St. Philip Lutheran Church
14 November 2021 + Lect 33b (Pent 25)
Rev. Josh Evans
Beginning the night of November 9, 1938, violent anti-Jewish protests broke out across Germany and its surrounding territories. Kristallnacht, as it would later come to be known, “the night of broken glass.” Over the next 48 hours, violent mobs, spurred on by anti-Semitic propaganda, attacked hundreds of synagogues, desecrating Jewish religious symbols and artifacts. By the end of the riots, nearly 7,500 Jewish-owned businesses, homes, and schools were destroyed, and 91 Jewish lives were cut short.
Kristallnacht marked a decisive turning point from mere anti-Semitic rhetoric and legislation to outright violence and genocide, culminating in the events of the Holocaust.
When I was in seminary, our chapel would host an annual observance of Kristallnacht to remember the horrific events of that night and to repent of the sin of anti-Semitism, present in even Martin Luther’s own writings.
One year, we heard the testimony of Holocaust survivor Walter Falk. Falk was only 11 years old when Nazi soldiers raided his home. Shortly after the events of that night, he was one of the lucky ones who managed to escape on the Kindertransport, an operation arranged by the British government to secure safe passage out of Germany for 10,000 child refugees, with the assumption they would be reunited with their families after the war.
Falk recalled the difficulty he undertook in packing up his entire 11-year-old life in one suitcase, with room for only one toy among many treasured possessions. But the most poignant moment, he said, came when he had to say goodbye to his mother before boarding the train, as his entire life was about to be uprooted.
And of course, Falk’s story is only one of many that still bears witness to the horrors of that time.
This past week as a nation, we also observed Veterans Day, calling to mind the devastation of war and the lasting impact of trauma on those who have served in our military. During my chaplaincy internship at the Cleveland VA Medical Center, I remember hearing and being entrusted with holding those stories from my patients.
Stories of upheaval, loss, pain, destruction, senseless hatred and violence. We hardly have to look too far to be reminded of these stories in our world today: political conflicts and division, hunger and food insecurity, continued illness and death from COVID, the impact of climate change… It can all feel a bit hopeless at times.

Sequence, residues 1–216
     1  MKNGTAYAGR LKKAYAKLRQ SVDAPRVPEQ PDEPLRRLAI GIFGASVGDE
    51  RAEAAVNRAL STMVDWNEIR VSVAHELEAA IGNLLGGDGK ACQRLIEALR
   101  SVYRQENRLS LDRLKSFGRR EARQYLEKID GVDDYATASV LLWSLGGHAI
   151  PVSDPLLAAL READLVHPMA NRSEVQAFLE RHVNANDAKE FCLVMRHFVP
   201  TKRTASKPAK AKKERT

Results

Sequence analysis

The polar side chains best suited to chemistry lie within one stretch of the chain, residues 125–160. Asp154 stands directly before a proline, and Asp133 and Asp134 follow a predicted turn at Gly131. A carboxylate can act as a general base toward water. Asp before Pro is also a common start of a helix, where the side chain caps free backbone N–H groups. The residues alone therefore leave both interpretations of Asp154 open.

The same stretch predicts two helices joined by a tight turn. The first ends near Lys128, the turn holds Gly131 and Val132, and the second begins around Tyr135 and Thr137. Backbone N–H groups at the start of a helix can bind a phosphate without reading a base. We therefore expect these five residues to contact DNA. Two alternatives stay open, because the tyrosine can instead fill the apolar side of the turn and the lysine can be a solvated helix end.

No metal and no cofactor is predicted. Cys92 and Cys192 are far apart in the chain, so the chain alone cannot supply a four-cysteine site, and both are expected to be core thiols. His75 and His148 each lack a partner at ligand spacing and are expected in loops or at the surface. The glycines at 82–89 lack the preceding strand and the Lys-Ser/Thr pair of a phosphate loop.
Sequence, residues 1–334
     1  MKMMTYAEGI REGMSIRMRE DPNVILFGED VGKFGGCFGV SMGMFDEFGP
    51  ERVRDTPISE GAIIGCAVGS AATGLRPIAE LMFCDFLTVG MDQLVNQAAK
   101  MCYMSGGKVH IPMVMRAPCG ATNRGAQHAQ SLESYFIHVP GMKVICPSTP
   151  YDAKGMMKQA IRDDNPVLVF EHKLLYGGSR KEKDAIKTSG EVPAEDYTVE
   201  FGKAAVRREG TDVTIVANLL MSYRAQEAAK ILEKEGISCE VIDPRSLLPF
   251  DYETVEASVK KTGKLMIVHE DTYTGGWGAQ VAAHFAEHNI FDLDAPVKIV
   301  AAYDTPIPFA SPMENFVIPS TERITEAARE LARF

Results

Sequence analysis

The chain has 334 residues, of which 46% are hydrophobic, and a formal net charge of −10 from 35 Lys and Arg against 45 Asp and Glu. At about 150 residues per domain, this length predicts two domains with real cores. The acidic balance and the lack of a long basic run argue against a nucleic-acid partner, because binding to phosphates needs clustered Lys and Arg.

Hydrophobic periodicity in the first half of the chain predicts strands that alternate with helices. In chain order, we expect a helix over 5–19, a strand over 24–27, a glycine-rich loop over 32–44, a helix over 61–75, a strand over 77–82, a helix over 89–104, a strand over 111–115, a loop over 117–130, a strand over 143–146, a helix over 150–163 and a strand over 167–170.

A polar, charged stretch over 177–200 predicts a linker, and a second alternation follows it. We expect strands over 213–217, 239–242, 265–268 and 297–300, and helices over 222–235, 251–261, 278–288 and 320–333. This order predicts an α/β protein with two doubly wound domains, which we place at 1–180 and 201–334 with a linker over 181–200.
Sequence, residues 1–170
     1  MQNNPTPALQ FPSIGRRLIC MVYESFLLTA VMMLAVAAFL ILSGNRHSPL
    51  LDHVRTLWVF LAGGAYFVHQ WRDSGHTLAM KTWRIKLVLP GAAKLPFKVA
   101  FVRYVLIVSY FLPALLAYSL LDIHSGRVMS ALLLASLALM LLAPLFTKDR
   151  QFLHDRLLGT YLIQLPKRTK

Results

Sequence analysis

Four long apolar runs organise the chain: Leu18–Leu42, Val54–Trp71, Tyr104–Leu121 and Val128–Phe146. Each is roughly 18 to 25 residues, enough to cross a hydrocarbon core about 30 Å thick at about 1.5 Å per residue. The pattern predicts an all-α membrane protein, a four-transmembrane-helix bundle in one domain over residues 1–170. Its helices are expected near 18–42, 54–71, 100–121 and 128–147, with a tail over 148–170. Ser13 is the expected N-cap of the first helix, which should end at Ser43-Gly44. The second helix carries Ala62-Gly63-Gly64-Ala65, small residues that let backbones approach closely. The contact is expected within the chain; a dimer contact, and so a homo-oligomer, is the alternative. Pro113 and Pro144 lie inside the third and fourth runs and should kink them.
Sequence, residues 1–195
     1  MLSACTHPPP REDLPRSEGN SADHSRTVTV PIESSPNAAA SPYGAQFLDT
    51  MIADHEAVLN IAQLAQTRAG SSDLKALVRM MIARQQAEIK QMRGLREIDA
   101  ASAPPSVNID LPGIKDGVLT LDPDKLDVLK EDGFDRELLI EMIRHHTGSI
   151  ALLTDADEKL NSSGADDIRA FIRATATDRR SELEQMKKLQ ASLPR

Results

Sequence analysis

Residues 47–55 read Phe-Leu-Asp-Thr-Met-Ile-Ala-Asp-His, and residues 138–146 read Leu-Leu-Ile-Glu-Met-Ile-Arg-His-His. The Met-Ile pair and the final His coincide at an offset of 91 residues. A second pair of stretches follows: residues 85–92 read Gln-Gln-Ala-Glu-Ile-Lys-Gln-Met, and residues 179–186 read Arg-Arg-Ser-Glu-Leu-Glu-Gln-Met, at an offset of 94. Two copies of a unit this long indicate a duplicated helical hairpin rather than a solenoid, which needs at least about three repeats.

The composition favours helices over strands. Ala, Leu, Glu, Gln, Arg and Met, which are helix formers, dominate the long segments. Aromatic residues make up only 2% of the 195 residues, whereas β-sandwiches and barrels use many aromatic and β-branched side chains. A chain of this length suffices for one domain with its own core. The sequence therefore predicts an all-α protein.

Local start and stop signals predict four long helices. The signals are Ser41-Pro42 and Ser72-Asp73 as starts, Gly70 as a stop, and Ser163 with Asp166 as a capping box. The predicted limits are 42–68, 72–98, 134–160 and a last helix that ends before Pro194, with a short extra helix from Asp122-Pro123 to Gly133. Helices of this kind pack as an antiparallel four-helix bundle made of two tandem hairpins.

On the one hand, Jesus can feel like a bit of a Debbie Downer this morning. Marveling at the temple and the grandeur of the Jerusalem landscape, the disciples are amazed: “Teacher, what large stones and what large buildings!” And Jesus’s response: “Not one stone will be left here upon another; all will be thrown down.”
Contextually speaking, though, Jesus is more news reporter than future predictor. By the time Mark’s gospel was written, the temple in Jerusalem had already been destroyed, along with the rest of the city, in the aftermath of the Jewish-Roman War. Not one stone was left upon another. All had been thrown down.
Where is the hope? As though Mark’s hearers needed the reminder that everything they held dear suddenly came crashing down – literally – around them. As though we need the reminder of the realities of our own world, come crashing down, these past two years.
Destruction, wars, rumors of wars, earthquakes, famines … it all feels a little apocalyptic. Which is probably how this brief text gets its reputation as “the little apocalypse,” as biblical scholars call it.
That’s a loaded – and often misunderstood – word though. Apocalypse. Far from the wild and imaginative imagery popularized by Hollywood in that one word, “apocalypse” quite literally is an “uncovering” or an “unveiling.” On the one hand, what is revealed is unsettling, frightening even.
But there’s also something else going on.
These things must take place, Jesus says, but the end is still to come. Or put another way: These things must take place, but they are not the end.
One of the major themes of Jewish apocalyptic writings is God’s ultimate control of the world. In these kinds of writings, it was taken for granted that God would deliver God’s people and the whole creation in God’s own timing. It’s a matter of when, not if.
Yes, things do fall apart. Stories of upheaval, loss, pain, destruction, senseless hatred and violence are real. But they are not the end.
What is ultimately being uncovered is something much more profound: God cannot and will not be contained by walls or buildings … and God’s Spirit will not be crushed or destroyed in the rubble or the shards of broken glass left behind.
We see it in the resilient and unrelenting witness of those like Walter Falk who testify to the horrors they endured, calling us to denounce anti-Semitism and hatred in any form. We hear it in the stories of veterans whose scars of war are both visible and hidden, calling us to choose and to live peace. We experience it for ourselves every time we gather for worship – in-person or online – calling us to community even when a pandemic (or building plumbing problems) tries to separate us.
Apocalypse is about destructions and endings – “these things must [and do] take place” – but it is also much more about the Spirit of God all around us that cannot be destroyed or diminished.
Our stories of upheaval, loss, and pain do not get the final word. Tragedy and destruction and the unspeakable horrors of war do not get the final word.
These things are not the end.
The story is not over.
Resurrection, not death, will get and does get the final word. A great hope of apocalyptic proportions.
Thanks be to God.